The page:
Argument

Hands Off the Yuan

Hands Off the Yuan

Pick something up from your desk or countertop, anything at all. Chances are that it was made in China. We just tried that experiment — and our clock and stapler came from Chinese factories, along with $296 billion of other goods imported into the United States last year.

Those imports are the driving force behind calls for a stronger Chinese yuan and the renewed threat of a congressional bill to add a 27.5 percent tax on Chinese products — calls that China has pushed back against, with Premier Wen Jiabao reiterating the country’s determination to keep the yuan "basically stable." And both are based on the assumption that if the yuan is more expensive relative to the dollar, U.S. domestic production will rise and the U.S. trade imbalance will fall. But neither assumption is correct.

For one, U.S. domestic production is actually rising — even if employment in manufacturing is not. The percentage of jobs in the sector has dwindled from 20 percent of the total in 1979 to 10 percent today, not due to China so much as U.S. innovation. Over time, manufacturing has become more automated and efficient, and factories now produce more goods with fewer workers (many of whom have transitioned into the service industries). The United States today produces nearly a quarter of all global goods, up from about a fifth a decade ago — even with fewer employees. The problems of the American factory worker are real, but cannot be solved with trade embargoes against Beijing.

China’s dramatic manufacturing growth over the same period makes it look like Guangzhou has stolen jobs from Detroit. But the growth of China’s manufacturing sector, and its accompanying jobs, came at the expense of other countries in Asia, not across the Pacific. Televisions and audio equipment that once came from Japan, for instance, are now made in China. By 2007, Japan produced 6 percent less of the world’s goods than it did in 1995 while China produced 7 percent more, rising to an 11 percent share of the global total. Goods once made in Thailand, Malaysia, and Singapore are increasingly made or assembled in Chinese factories. What is striking about all those items on your desk is not how many are made in China, but how few are made in other Asian countries, even ones with low-cost workers and friendly trade policies.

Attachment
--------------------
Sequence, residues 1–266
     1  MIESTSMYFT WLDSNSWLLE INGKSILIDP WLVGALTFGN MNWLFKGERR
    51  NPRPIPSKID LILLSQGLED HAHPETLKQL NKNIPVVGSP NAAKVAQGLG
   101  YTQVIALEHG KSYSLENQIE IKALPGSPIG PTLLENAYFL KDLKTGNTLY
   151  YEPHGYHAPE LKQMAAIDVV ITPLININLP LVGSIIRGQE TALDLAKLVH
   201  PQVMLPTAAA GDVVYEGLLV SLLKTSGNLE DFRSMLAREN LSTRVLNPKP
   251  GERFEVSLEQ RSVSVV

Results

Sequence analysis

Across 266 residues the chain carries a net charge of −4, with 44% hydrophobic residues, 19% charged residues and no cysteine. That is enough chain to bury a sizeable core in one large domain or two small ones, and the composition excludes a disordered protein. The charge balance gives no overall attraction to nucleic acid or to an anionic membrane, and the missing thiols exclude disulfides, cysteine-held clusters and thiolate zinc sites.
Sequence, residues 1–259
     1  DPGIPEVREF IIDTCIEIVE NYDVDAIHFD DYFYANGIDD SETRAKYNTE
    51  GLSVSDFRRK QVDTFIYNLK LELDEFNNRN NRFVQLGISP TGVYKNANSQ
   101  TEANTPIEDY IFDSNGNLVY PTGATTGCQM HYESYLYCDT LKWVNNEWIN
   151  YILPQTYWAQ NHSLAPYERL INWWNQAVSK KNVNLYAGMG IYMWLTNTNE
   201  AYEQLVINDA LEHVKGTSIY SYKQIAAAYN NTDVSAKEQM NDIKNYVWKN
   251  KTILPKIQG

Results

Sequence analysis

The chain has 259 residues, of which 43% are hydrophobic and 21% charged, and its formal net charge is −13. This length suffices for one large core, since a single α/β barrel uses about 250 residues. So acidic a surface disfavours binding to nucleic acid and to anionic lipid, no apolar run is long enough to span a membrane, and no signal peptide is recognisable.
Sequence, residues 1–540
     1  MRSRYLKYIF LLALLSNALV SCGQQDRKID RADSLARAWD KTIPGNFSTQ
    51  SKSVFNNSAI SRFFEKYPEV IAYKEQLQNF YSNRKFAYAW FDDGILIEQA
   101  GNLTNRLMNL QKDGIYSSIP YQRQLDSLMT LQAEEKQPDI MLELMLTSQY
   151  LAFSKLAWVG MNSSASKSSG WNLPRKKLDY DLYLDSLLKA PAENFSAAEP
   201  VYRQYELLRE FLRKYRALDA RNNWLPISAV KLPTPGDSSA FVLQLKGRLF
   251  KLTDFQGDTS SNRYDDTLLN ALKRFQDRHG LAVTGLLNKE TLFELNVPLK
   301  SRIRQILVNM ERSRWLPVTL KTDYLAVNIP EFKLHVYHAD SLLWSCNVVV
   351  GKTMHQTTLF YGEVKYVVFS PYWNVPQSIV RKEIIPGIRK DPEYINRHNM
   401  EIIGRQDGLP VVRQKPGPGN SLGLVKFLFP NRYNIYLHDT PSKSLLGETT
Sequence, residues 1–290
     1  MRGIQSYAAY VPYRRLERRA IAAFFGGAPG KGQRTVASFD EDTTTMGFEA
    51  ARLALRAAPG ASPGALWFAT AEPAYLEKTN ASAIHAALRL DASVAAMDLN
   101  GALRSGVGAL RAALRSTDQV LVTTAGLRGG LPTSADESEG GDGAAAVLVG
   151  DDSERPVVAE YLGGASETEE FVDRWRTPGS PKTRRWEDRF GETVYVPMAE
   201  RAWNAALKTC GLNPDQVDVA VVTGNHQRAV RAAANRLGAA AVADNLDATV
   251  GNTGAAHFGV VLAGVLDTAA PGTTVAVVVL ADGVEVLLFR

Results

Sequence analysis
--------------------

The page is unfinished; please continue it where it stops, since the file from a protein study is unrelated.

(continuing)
Making Chinese products more expensive in the United States will do nothing to shift production to U.S. factories. Let’s say that a certain kind of cell phone costs $100 if made in China and $200 if made in the United States. Using tariffs to increase the price of the Chinese version to $130 does little to make the domestically produced version more attractive, and nothing to encourage local hiring. Furthermore, increasing the value of the yuan does not increase U.S. exports by making them cheaper abroad. If the yuan rises in value, it does not spur Germans to start driving Fords.

Plus, a strong yuan in many cases means higher costs for U.S. goods, too. A large proportion of goods imported from China are not end-state products, but components ready for assembly. A U.S. auto manufacturer that uses Chinese car seats, for instance, pays more for the seats under a strengthened yuan and then either cuts into its profits or charges higher prices on the finished vehicle. Domestic clothing companies loudly protested a proposed tax on imported cotton fabrics for precisely that reason. If the prices of Chinese components (like fabric) and simple goods (like buttons) rise, the prices of finished products made primarily in the United States rise in turn. All that does is increase costs for American consumers.

A rise in the yuan, though, would nudge production toward other developing countries, giving the United States an artificial indicator of success: the trade deficit specific to China would fall. But the overall trade imbalance would likely actually worsen. To buy the same $100 phone, an American would send $130 to Beijing or perhaps $120 to Singapore. In either case, more dollars would go abroad for the same goods.